The White House can decriminalize medical marijuana in one easy step
December 10, 2012
Dylan Matthews, Washington Post
As of Monday, marijuana is legal in the state of Colorado. Governor John Hickenlooper has signed an official proclamation making Amendment 64, the voter-passed amendment that legalizes possession of up to an ounce of marijuana, part of the state’s Constitution.
That sets up a confrontation between the state and the federal government, given that marijuana possession is still a federal crime.
In theory, the Drug Enforcement Agency could try to arrest everyone buying and selling pot in Colorado and Washington, which also legalized the substance last month. But in practice, there just aren’t enough DEA agents to staff an operation of that scale. It would be, in the words of UCLA drug policy expert Mark Kleiman, “an exercise in shoveling sand against the tide.” So a likelier outcome, as Sarah Kliff has reported, is that the federal government will take a lighter touch. Some dispensaries might get busted up, but the drug would be left alone.
But what these discussions often miss is that there’s a way for the Obama administration to decriminalize medical marijuana without even involving Congress. The Controlled Substances Act, the 1970 law that governs federal drug policy, is based on a system known as “scheduling,” in which drugs are sorted into categories based on their potential for abuse and usefulness in medicine. Marijuana, along with the likes of heroin and DMT, is a schedule I drug, meaning it is judged to have a high potential for abuse and little medical value. By contrast, cocaine, oxycontin and PCP are all schedule II drugs, and can be prescribed.
Rulings on scheduling, however, are not permanent. Upon petition from private citizens, the DEA can initiate a process that results in a drug being rescheduled. In effect, that means that the attorney general can direct the DEA to act on a petition for marijuana rescheduling. In effect, Eric Holder could direct the agency to remove marijuana from the list of scheduled drugs, decriminalizing it for medical use federally. That doesn’t help recreational users, but it would let medicinal users and suppliers breathe a lot easier. While states could still ban it for medicinal use, those that opt not to would no longer run afoul of federal law.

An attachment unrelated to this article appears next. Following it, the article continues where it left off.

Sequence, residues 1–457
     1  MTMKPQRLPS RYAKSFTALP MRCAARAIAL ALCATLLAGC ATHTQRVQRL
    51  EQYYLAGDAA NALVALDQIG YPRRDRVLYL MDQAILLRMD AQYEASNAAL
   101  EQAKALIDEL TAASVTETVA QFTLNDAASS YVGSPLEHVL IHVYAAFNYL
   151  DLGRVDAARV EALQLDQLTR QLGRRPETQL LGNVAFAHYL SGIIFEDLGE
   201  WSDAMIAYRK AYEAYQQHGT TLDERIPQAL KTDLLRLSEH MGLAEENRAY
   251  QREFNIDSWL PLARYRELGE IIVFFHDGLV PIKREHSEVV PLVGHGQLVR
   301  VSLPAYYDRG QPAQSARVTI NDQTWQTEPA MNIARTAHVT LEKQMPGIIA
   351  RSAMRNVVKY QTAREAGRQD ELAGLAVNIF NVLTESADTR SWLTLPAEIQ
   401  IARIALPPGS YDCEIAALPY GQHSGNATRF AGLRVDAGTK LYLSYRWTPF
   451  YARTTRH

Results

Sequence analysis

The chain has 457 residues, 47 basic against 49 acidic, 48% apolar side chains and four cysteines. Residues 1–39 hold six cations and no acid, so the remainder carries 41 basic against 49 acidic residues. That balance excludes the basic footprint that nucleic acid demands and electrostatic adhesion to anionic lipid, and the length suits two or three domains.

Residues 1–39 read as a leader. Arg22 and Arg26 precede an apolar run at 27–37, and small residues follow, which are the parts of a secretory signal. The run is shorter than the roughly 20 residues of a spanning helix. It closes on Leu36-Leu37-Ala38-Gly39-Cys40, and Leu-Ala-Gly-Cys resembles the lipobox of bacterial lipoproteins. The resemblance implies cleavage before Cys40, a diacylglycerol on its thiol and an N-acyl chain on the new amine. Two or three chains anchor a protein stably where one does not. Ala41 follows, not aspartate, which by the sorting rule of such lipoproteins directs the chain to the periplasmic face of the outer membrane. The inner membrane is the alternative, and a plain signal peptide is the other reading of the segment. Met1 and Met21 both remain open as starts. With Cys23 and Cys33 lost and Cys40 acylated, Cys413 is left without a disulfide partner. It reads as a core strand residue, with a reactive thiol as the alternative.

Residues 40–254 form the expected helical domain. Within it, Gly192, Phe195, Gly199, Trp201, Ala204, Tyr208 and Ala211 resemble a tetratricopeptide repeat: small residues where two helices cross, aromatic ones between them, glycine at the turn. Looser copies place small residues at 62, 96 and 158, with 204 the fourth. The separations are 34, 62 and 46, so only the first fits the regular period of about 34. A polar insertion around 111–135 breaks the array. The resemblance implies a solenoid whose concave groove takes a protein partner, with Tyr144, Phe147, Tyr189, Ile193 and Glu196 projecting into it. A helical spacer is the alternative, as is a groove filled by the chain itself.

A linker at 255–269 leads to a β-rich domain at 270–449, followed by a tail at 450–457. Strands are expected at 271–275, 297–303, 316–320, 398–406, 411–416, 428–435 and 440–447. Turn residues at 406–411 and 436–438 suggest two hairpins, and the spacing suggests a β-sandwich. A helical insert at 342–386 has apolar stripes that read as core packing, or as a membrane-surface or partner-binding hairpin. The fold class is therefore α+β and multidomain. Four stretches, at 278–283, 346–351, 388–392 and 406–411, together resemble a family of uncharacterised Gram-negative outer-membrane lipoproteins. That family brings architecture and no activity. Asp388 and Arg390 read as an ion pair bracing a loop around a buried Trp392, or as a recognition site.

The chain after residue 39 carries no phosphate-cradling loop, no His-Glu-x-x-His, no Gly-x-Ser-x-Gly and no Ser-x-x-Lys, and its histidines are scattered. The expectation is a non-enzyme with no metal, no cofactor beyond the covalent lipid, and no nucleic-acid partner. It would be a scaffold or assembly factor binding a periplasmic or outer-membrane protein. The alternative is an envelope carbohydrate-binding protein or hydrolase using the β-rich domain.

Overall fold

But rescheduling is easier proposed than done, of course. Americans for Safe Access, an advocacy group for medical marijuana patients and providers, filed a petition in 2002 to classify marijuana as a schedule III, IV or V drug. That didn’t even get a response until 2011, when ASA sued for “unreasonable delay.” The DEA finally ruled against, causing ASA to appeal from administrative courts to the D.C. Circuit Court of Appeals, which isconsidering the case.
ASA’s Kris Hermes tells me that even if the Circuit Court doesn’t force rescheduling, it could force the DEA to hold an “evidentiary hearing” to determine whether marijuana is safe for medicinal use. “There’s a mountain of evidence” that it has medicinal value, he insists. That could cast the overall policy in a bad light, even if it fails to change it.
Of course, all this would be short-circuited if the Obama administration were to stop fighting the suit and reschedule on its own. Again, that doesn’t mean much for recreational users in Colorado and Washington, who’d still be guilty of using a controlled substance without a prescription. Nor does it help those in states that still ban medical marijuana. But it would be a huge federal move toward laxer drug policy, and it’s one that can be accomplished without any help from Congress.